COVERAGE OF A RADIO BEACON-BASED DIFFERENTIAL GPS NETWORK

Per K. Enge, Michael F. Ruane, Diane Langlais

Peer Reviewed

Abstract: A radio beacon-based system is being investigated by the U.S. Coast Guard for the communication of differential GPS (DGPS) messages. This system would add a digitally modulated subcarrier to transmissions from existing marine radio beacons, which operate in the 285 kHz to 325 kHz band. The idea is attractive, because a well located and widespread radio beacon network is already in place. Additionally, the DGPS/radio beacon signal can be designed such that it should not interfere with the direction finders which normally use the radio beacons. Finally, the signal should be reliably received at appreciable distances, because error correcting codes and interleaving are used. In fact, this paper discusses the prediction of DGPS/radio beacon signal coverage. Several coverage charts are presented as examples. The paper also lists which major U.S. harbors (8 million tons of cargo per year or more) can and cannot be covered if the DGPS subcarrier is installed on existing, continuous-broadcast radio beacons. The achievable signal coverage depends on which error correcting code is used, and the paper analyzes coverage for a “rate I/Z” code and a “rate l/8” code.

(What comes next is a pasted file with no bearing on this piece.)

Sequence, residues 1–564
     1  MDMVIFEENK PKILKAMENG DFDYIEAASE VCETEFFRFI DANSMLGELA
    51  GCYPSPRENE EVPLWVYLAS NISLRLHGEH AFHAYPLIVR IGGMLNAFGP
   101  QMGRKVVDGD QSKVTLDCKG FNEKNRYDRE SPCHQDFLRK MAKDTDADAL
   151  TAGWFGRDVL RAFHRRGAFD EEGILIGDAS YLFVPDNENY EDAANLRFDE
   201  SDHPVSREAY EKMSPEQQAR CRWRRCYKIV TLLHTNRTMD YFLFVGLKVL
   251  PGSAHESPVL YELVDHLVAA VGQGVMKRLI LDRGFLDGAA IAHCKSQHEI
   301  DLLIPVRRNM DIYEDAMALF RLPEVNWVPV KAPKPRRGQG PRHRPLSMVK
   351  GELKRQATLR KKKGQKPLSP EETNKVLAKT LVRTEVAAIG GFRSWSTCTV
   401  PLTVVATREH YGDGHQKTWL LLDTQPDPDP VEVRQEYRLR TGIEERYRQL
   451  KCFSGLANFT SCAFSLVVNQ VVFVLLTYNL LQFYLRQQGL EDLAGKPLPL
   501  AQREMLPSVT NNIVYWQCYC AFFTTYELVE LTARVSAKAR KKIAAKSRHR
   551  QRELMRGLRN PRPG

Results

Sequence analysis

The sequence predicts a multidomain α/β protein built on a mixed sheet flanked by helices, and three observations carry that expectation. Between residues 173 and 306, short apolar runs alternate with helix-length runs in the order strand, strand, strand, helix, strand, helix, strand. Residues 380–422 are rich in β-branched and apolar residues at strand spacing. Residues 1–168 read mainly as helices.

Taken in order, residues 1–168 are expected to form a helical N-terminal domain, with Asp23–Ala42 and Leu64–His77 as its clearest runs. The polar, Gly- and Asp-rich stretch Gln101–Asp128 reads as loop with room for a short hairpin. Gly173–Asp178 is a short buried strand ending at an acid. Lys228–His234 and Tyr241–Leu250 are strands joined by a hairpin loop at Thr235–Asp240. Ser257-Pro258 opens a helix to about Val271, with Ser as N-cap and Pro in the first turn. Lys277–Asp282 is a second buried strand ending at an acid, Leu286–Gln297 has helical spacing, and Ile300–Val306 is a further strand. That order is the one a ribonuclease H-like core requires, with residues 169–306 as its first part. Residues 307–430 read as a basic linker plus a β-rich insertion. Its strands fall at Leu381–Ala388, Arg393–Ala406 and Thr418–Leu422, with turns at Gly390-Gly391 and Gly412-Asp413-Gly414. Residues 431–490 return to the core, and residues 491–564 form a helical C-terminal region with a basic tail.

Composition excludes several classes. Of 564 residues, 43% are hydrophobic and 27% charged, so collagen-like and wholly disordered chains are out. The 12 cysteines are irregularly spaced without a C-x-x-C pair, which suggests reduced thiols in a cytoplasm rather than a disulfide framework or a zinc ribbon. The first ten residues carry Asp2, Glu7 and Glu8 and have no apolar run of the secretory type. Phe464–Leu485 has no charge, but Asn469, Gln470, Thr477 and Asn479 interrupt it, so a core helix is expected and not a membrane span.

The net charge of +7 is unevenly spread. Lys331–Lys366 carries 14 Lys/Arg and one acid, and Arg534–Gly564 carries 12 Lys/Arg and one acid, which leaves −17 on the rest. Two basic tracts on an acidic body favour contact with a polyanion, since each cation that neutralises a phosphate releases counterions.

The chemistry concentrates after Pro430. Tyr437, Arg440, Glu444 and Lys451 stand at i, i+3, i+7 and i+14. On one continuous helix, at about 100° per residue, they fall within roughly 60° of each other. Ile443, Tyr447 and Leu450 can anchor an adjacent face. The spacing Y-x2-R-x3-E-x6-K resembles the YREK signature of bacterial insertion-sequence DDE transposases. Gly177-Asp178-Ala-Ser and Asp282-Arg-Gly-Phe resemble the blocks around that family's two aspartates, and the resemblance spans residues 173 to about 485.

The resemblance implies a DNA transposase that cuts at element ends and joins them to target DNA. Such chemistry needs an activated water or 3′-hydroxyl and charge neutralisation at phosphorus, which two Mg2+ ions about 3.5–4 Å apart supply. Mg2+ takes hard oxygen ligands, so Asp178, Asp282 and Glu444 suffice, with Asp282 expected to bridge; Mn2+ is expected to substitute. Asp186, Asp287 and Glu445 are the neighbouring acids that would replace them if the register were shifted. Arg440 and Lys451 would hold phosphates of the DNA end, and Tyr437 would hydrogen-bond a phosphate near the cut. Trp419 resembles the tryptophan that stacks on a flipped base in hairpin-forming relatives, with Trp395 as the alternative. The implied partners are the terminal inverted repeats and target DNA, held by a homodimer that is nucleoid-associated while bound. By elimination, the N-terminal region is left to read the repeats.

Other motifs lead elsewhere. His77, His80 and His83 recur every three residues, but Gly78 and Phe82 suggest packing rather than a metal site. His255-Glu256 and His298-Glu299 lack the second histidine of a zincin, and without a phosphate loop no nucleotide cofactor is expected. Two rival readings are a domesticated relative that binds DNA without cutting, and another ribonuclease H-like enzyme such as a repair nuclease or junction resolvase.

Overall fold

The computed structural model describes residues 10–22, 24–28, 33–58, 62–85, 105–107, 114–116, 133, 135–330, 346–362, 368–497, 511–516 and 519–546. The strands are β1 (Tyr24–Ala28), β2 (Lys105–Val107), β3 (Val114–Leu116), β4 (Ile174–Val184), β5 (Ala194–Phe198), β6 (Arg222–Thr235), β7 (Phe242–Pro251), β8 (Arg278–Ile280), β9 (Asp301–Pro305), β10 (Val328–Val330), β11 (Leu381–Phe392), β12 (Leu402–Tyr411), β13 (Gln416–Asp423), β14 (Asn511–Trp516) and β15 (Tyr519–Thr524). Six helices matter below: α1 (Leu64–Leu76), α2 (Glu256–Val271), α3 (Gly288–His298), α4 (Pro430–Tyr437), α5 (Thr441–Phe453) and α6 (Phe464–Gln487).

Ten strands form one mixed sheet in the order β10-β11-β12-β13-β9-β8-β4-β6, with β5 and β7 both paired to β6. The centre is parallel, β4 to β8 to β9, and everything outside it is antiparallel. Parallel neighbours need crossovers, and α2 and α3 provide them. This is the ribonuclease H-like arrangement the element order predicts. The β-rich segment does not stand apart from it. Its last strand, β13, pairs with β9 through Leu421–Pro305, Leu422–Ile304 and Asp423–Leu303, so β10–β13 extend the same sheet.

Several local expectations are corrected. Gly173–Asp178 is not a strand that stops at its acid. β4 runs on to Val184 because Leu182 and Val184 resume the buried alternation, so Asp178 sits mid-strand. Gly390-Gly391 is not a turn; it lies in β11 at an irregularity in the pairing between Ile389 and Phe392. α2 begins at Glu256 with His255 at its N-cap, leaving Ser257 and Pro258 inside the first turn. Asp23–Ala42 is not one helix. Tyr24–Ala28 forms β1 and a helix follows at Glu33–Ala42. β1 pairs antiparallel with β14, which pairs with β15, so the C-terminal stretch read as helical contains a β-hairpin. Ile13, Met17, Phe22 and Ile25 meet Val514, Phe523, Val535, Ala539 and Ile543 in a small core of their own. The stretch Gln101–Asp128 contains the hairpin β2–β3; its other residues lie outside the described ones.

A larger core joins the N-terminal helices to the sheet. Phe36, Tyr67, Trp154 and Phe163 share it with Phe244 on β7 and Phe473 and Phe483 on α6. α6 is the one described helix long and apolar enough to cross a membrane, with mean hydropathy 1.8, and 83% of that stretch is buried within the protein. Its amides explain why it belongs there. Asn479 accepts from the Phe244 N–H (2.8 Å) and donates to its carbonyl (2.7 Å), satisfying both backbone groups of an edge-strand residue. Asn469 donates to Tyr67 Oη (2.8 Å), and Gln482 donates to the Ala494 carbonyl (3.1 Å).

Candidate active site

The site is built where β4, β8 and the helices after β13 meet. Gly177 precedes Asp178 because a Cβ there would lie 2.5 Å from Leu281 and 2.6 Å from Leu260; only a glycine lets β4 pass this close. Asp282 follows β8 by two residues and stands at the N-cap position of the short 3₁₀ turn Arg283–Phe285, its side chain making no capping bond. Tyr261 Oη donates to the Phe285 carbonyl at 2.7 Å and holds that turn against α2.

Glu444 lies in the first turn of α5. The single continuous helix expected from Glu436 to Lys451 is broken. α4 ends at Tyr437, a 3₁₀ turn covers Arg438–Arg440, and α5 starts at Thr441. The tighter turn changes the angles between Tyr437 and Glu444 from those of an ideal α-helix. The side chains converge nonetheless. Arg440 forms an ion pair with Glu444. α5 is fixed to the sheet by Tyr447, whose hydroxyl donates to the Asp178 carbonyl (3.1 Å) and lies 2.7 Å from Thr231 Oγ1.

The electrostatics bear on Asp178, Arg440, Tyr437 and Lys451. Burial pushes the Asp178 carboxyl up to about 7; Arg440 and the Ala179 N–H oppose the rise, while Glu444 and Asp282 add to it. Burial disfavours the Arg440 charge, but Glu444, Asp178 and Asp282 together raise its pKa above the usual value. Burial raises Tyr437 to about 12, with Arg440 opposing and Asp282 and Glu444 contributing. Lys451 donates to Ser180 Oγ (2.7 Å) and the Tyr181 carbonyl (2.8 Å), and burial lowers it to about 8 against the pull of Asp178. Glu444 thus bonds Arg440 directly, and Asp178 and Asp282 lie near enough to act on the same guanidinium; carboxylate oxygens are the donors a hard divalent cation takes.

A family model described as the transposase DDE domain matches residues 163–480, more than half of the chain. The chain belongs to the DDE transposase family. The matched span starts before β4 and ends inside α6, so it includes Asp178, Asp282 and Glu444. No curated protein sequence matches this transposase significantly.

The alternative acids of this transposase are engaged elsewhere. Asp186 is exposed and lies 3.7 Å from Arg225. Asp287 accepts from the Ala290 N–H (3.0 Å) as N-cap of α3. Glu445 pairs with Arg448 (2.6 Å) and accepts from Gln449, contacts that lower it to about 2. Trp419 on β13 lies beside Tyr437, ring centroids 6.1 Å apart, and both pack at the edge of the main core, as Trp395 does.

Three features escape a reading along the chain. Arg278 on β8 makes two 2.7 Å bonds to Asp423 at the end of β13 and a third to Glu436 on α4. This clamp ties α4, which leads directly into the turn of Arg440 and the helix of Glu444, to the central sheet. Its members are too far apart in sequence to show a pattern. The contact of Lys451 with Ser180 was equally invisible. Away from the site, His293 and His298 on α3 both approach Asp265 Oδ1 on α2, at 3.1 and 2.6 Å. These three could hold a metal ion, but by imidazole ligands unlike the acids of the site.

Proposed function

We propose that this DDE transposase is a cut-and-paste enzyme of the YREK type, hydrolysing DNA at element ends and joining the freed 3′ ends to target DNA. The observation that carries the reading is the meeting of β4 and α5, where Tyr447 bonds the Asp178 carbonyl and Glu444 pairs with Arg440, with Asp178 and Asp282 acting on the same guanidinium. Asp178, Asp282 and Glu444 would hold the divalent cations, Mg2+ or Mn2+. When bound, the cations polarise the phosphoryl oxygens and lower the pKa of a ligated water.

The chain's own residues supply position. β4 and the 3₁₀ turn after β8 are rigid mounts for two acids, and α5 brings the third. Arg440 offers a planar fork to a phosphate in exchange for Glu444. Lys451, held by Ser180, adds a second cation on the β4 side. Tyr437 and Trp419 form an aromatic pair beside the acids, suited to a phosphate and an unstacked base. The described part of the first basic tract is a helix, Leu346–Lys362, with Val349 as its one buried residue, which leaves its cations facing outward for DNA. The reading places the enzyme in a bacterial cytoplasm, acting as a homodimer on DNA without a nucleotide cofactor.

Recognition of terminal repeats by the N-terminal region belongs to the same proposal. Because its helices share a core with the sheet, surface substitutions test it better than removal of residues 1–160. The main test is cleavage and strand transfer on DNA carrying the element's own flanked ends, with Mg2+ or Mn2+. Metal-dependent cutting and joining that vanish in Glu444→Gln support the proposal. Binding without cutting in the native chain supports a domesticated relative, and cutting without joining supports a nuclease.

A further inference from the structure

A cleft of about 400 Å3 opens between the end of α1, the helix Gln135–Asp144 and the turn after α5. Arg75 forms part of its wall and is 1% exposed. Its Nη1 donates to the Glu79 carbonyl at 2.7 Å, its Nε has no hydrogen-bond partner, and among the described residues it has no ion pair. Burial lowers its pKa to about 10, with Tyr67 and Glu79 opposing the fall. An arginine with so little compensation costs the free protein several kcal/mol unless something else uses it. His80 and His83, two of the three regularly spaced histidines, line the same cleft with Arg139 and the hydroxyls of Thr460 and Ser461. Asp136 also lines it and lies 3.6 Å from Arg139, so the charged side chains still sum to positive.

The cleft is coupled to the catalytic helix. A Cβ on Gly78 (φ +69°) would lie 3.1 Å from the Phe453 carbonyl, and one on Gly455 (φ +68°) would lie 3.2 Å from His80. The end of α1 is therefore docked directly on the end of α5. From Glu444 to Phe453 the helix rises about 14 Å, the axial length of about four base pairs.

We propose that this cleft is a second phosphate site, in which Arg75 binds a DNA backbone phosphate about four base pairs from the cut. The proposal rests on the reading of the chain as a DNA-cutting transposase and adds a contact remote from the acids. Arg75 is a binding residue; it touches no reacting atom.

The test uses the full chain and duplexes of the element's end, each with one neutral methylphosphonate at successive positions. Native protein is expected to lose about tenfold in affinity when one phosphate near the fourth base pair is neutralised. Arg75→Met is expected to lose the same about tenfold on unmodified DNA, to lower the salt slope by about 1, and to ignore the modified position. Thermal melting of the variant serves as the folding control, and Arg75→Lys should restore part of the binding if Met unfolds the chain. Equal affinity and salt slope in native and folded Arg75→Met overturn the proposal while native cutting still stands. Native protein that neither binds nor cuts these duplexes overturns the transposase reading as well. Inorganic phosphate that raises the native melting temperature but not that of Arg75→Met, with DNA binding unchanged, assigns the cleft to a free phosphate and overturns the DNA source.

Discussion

Published in: NAVIGATION, Journal of the Institute of Navigation, Volume 34, Number 4
Pages: 307 - 324
Cite this article: Enge, Per K., Ruane, Michael F., Langlais, Diane, "COVERAGE OF A RADIO BEACON-BASED DIFFERENTIAL GPS NETWORK", NAVIGATION, Journal of The Institute of Navigation, Vol. 34, No. 4, Winter 1987-1988, pp. 307-324.
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